long project novel. Just starting. I am not really sure how to do that, without overrehearsing or overdetermining or scaring it away. But without underworking it until it withers and dies, either. I have a couple of glimpsed characters and maybe a setting, that seem like they might be amalgamated. Other things will present themselves to be added in, and the energy holding them all together will somehow be the aspect of the story that makes people say, “It was very, um…you,” when they read it.
I haven’t decided whether it will be a NaNo project. I will set up a word counter for it, but I don’t know if I am willing to risk rushing into 50k words of crap. I suppose that over the next six weeks I’ll see what the momentum looks like and how much time I’m managing to give it without NaNo to boost and contain it.
Today was my first run in the rain since I don’t know when. Warm, off-and-on rain, so it was fine. I ran down to the college track and trotted around while the Ultimate Frisbee teams warmed up for their games, and listened to Octavia Butler’s Parable of the Talents. My September mileage as of today pulled ahead of August’s total mileage, so my plan to run/walk more miles each month is working. I hope I can keep it up as the weather turns and the days get short.
It’s been a good weekend, also featuring a leaky toilet repaired before the subflooring rotted, and a surprise visit from Evan, who was able to join in our celebratory lunch. Sang and I will finish the night off with purple peppers and jalapenos from the garden, stuffed with cream cheese and roasted in the oven, and eaten while we watch Friday Night Lights and share a beer. I am so lucky.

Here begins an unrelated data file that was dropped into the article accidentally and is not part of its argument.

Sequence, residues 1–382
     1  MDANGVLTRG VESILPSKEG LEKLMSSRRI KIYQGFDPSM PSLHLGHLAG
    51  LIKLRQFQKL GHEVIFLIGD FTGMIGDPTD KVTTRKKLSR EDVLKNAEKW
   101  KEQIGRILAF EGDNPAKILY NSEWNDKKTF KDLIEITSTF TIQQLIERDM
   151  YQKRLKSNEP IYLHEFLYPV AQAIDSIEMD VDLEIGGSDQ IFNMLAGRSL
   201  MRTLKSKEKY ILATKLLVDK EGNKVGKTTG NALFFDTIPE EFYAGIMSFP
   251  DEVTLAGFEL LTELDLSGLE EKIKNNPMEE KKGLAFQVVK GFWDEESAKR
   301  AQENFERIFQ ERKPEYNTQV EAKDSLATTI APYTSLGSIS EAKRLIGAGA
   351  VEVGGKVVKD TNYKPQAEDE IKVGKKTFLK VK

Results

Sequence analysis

My four-mile run felt awesome. I’ve been running in NB790s, a minimal shoe I bought on super-sale when New Balance quit making them and then let sit in my closet. So far so good. Low mileage is fun. I think I’m going to enjoy every stage of my running comeback. Maybe that’s why it took me about seven years to get to a 50-mile event? Who knows how long it will take me to get to 100. But the scenic route is better than guilt and frustration, for sure.
Here’s something I never would have believed as a child: I’m seldom tempted by garage sales anymore. I have enough stuff…even books.
I shared my birthday this year with Reed College, which put on its 100th Anniversary reunion celebration this weekend. I actually set foot on campus three times yesterday. My run in the morning was through the canyon, where quite a few older alumni were walking in ones and twos on the trails. Just since I was a student in 1992 there have been a lot of improvements and added trails, so I gave directions more than once. They all seemed like people I would like.